Breaking a commercial lease may be an intimidating prospect. Whether you are a long-term tenant or your lease is relatively new, you know that breaching any contract puts you at risk of legal and financial consequences. As a business owner, the cost of such things may be more than you want to pay.
Since you founded your new business, many concerns may keep you awake at night, and some of them are out of your control. For example, depending on your business, a natural disaster or turn of bad weather may have a negative impact on your services. The economy may drive your sales down. Certainly, a change in the laws regarding your industry could affect the way you do business.
When one of your workers is injured on the job, it can be an overwhelming experience. Naturally, your first thought is for the well-being of your employee, and you do everything you can to ensure the worker gets appropriate medical attention. However, your mind may automatically go to the welfare of your business.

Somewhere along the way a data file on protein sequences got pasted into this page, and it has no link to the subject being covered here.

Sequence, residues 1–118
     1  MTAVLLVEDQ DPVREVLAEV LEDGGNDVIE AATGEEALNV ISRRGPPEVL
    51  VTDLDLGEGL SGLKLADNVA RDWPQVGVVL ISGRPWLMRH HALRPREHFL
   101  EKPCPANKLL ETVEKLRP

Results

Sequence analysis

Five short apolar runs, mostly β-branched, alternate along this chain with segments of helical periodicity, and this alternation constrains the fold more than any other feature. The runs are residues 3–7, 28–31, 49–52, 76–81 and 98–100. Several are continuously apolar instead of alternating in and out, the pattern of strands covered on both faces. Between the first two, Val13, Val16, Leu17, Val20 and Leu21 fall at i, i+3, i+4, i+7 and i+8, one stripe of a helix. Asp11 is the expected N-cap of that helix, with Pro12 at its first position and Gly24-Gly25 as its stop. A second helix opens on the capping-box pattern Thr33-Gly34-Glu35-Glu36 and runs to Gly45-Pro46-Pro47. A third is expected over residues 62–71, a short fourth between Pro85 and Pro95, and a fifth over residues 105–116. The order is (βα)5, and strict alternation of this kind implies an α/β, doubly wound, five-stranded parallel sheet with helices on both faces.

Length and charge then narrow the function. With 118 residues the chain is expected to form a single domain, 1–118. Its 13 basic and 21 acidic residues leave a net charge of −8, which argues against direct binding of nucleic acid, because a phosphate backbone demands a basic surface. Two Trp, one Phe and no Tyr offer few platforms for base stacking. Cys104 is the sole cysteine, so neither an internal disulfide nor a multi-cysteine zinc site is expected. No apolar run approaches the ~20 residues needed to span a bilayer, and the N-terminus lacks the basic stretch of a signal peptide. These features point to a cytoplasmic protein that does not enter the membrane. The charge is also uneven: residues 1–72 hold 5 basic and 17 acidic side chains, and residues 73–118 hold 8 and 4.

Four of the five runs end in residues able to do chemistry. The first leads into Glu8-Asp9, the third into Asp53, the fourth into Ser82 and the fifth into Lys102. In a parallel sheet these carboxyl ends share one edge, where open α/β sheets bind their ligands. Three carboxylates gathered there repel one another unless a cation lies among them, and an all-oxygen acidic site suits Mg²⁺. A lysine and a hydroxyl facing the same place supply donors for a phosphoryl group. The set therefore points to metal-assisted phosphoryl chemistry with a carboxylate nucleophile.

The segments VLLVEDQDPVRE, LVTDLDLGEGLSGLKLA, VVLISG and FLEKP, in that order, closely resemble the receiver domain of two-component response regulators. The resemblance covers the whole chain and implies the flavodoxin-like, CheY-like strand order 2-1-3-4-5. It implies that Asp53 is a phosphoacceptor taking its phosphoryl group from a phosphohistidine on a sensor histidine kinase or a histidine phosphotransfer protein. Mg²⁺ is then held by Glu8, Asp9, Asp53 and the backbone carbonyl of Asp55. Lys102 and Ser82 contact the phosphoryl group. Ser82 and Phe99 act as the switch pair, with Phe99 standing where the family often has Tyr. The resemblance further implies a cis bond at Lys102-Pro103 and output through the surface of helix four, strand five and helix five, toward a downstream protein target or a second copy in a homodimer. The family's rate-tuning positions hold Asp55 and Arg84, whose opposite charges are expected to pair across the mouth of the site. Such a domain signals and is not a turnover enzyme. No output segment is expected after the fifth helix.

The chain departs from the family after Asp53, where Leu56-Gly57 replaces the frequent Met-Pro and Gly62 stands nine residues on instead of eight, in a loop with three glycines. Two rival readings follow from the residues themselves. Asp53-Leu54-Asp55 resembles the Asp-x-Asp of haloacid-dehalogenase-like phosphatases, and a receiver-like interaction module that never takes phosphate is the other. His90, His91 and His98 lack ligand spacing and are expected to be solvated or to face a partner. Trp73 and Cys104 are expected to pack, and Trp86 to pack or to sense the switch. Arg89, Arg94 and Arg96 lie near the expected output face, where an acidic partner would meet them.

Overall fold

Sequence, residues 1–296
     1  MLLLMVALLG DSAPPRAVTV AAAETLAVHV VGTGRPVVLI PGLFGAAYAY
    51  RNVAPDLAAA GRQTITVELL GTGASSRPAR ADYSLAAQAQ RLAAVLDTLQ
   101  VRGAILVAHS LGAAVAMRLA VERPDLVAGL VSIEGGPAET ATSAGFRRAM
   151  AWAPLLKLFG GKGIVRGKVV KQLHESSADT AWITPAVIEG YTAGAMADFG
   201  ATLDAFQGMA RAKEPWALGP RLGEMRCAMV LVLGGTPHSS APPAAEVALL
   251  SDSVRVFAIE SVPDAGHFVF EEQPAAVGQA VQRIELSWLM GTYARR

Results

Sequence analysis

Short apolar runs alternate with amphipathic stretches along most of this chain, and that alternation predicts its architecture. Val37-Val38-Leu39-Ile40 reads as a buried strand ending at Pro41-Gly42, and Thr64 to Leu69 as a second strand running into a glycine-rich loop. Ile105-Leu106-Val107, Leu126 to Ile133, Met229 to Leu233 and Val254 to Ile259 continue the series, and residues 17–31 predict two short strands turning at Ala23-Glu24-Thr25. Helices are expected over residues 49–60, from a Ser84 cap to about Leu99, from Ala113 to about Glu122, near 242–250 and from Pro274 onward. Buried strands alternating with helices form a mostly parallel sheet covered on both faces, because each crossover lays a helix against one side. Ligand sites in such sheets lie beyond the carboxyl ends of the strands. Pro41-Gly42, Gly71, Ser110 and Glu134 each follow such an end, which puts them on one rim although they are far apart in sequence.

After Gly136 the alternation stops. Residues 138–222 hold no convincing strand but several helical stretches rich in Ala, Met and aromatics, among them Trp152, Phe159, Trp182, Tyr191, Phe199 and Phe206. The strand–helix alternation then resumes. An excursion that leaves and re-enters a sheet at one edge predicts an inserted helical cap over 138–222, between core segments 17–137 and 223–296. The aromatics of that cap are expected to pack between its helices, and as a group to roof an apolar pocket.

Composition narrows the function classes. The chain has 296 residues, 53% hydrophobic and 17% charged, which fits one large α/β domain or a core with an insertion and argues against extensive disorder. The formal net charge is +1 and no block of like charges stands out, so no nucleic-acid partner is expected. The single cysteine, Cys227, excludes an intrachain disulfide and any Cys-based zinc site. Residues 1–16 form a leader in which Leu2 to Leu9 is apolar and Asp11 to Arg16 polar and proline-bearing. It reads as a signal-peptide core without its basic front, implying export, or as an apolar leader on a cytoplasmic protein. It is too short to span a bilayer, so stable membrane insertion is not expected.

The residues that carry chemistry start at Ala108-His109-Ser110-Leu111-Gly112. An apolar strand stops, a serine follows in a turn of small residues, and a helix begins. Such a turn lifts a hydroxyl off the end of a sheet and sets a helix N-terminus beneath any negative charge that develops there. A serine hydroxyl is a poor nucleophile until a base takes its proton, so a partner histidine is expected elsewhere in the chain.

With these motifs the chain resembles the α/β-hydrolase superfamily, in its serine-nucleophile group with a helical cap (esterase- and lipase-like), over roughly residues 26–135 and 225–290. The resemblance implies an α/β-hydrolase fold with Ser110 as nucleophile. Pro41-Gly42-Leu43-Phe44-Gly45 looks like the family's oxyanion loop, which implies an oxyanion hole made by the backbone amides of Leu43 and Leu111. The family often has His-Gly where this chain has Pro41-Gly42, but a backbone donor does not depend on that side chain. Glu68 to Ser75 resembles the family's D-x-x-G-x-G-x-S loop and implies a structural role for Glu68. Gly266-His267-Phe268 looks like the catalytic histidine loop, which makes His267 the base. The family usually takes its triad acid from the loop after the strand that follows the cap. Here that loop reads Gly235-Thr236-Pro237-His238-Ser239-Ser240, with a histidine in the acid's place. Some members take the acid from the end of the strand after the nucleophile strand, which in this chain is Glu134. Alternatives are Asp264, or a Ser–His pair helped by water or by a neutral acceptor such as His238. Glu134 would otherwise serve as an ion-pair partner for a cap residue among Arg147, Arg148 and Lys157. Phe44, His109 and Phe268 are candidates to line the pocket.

You can't take it with you. You've probably heard that old saying, and you may have very definite ideas about what should happen to your belongings when you are no longer here. Whether you have already verbally distributed your assets or have designated them more formally through a written will, your estate will likely go through the probate process before any of your heirs can take possession of your gifts to them.